Pat Pilcher: Secondhand games headed for scrapheap

Gamers may have less control over their libraries in future, if rumours prove to be true. Photo / Kenny Rodger
Gamers may have less control over their libraries in future, if rumours prove to be true. Photo / Kenny Rodger

As the console wars continue to run at their usual breakneck pace, rumours are flying that Sony's soon to be announced console and the next Xbox will both refuse to play nice with second hand games. Should these rumours prove to be true, it would appear that both Sony and Microsoft are planning to release content protection systems that could all but render second hand games unplayable.

Sony filed a Patent (US20130007892) in September which is understood to still be awaiting approval from the US Patent Office. If approved, shutting down the second hand games market makes a lot of sense for Sony and game publishers, both of whom most likely see second hand game sales as a major source of lost revenues.

Under Sony's patent, each games disc will have an embedded RFID chip (much like what is used by clothing stores to deter shoplifting) which would wirelessly communicate with the games console. This would see game discs storing information about which console they've been wireless paired with, rendering them unplayable on other consoles.

Under this new regime, second hand games would quickly become useful only as drink coasters.

Alternatively the technology could also see the console requesting a fee to unlock the game, or even specific portions of the content (for a free trial for instance). Another side benefit of this system for Sony is that it the technology would also make games extremely difficult to copy as pirates would have to get hold of RFID embedded optical discs.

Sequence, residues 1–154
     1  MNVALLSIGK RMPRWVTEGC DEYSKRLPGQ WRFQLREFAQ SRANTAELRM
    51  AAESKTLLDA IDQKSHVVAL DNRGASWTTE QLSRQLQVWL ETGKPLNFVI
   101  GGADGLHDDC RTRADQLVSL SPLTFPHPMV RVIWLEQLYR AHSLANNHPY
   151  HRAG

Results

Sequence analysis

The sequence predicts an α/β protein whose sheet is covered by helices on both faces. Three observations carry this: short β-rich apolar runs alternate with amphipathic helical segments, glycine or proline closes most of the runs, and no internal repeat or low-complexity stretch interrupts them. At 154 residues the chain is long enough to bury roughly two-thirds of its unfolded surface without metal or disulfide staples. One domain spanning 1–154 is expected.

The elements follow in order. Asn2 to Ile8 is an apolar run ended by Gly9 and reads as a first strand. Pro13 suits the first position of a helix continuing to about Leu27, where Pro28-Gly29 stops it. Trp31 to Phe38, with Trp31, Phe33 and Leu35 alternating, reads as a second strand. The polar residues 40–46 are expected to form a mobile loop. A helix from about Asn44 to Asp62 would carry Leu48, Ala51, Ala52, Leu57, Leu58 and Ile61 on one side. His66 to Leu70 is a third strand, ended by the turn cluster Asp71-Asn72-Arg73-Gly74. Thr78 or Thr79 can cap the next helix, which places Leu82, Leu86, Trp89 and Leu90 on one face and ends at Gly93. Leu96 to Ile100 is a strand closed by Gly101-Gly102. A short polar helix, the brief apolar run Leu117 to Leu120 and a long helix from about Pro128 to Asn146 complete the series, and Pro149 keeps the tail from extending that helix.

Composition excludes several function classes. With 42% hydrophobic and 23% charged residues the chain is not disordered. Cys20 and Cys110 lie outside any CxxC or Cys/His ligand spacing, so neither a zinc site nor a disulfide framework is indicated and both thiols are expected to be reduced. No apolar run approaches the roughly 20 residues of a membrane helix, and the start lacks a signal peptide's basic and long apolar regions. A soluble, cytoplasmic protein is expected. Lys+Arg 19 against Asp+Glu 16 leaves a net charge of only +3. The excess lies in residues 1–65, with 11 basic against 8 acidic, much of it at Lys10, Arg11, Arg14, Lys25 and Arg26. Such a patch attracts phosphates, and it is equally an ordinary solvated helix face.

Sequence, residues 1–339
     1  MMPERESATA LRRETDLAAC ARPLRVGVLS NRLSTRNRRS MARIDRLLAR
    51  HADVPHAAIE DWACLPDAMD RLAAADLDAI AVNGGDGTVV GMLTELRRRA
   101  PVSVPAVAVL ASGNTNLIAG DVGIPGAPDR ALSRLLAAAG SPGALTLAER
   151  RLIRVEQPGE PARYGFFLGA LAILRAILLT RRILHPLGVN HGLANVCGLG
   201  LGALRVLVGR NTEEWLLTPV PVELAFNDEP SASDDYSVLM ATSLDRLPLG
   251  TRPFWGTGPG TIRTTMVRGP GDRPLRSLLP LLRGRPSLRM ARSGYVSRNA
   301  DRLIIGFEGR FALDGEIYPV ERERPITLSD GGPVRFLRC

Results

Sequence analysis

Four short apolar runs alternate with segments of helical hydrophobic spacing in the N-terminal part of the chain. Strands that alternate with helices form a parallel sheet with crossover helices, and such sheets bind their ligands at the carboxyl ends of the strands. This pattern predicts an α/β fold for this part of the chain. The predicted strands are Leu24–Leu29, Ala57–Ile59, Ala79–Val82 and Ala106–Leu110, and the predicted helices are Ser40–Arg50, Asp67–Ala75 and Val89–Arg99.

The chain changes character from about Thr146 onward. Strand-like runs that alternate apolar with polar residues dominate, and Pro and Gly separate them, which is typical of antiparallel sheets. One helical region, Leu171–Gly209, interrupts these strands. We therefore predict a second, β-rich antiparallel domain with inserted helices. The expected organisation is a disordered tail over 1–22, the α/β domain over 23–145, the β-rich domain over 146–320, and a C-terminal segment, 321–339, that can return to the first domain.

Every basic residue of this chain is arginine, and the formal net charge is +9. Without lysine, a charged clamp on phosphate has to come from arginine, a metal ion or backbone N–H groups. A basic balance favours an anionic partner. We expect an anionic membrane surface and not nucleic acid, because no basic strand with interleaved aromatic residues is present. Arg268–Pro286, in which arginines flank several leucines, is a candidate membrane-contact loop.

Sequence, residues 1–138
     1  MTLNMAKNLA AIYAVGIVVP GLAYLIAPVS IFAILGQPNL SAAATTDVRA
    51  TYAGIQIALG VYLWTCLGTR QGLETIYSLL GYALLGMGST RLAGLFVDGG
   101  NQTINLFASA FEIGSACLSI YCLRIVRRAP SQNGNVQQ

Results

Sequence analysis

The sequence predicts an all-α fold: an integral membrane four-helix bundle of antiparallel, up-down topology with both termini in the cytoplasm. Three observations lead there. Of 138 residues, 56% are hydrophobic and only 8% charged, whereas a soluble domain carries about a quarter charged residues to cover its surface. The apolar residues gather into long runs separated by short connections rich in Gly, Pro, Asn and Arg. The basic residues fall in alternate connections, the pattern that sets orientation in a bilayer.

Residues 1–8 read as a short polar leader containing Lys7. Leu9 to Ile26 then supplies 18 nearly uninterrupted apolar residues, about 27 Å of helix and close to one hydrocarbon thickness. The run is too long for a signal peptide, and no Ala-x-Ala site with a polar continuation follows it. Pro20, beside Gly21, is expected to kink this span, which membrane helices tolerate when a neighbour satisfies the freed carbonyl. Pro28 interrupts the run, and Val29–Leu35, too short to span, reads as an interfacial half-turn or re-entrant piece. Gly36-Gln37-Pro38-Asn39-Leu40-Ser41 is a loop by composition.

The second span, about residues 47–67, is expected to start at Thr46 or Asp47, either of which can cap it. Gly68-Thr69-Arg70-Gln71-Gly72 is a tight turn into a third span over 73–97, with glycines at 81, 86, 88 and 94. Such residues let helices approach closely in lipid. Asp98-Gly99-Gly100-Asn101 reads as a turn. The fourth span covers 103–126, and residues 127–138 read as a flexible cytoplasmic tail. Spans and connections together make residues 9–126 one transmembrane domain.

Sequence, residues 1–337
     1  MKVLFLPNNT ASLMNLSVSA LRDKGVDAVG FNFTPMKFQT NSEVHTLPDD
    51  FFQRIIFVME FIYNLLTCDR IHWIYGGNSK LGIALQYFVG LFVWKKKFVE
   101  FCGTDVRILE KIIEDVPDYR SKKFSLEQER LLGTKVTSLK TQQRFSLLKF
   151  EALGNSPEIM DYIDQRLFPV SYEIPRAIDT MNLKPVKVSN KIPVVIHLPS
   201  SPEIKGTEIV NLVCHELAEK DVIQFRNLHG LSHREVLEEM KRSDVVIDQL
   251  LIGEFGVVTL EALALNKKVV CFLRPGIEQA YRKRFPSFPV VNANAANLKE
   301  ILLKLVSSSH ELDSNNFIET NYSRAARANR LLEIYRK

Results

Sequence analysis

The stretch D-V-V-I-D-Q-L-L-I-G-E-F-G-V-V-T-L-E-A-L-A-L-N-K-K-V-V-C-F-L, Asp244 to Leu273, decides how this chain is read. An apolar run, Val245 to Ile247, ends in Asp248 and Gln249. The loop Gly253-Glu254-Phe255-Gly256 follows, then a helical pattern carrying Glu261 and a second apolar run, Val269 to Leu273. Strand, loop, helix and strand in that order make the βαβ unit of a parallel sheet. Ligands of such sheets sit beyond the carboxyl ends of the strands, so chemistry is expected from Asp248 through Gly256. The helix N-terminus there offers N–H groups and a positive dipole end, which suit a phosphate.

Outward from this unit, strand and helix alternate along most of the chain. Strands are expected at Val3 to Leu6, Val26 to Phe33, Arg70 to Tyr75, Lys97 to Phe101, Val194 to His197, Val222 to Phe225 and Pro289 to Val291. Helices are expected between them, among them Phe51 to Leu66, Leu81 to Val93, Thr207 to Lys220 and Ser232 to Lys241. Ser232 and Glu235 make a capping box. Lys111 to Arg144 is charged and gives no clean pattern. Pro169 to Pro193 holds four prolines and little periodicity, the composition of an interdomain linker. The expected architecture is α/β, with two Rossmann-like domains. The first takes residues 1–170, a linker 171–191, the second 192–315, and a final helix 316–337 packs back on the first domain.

The rumour mill is also starting to go into overdrive around the next Xbox, and it looks like Microsoft's next version of the Xbox console could also have it in for second hand games. Where Sony have opted for proprietary media, the rumour mill has it that Microsoft appear to be adopting the simpler (but secure) method of requiring an internet connection and activation codes for games that are said to be on 50GB-capacity Blu-ray discs. Based on this it appears that second hand games will not be playable.

If this all sounds a bit too draconian, remember that much of this is still highly speculative. Xbox rumours are at best just that, vague rumours and although Sony may have filed a patent, they have yet to implement it, and are likely to be extremely wary of any consumer backlash. Thankfully the PlayStation3 doesn't incorporate any RFID capabilities so if Sony are to execute their patent, it'd most likely be baked into the soon to be announced PlayStation 4. It is also probable that game publishers would also be given the ability able to choose to implement the technology on their game titles.

Either way, if the RFID or online verification system is implemented, knock on effects are a given. With the relatively high cost of new games in the New Zealand market, the lack of cheaper second hand games could act to stop people from adopting any new console incorporating the technology. Additionally, although many gamers will happily fork out the $100+ cost for a new game title, they often do so with the knowledge that they can make some of the money back from selling the used game title. That this money is often also used to buy new games is also a key consideration.

Then there's the social aspect of console gaming, taking a game title and a controller over to a mate's place to kick their butt in a full on frag-fest is commonplace now, but could get a whole lot trickier in the future. In a nutshell, social gaming could soon require users lug their consoles with them or stick to online multi-player titles.

Should Nintendo (or another player) decide not to adopt similar anti second hand game/anti-counterfeiting technologies, it is possible that both Sony and Microsoft could also find themselves losing market share to Nintendo or other new entrants.

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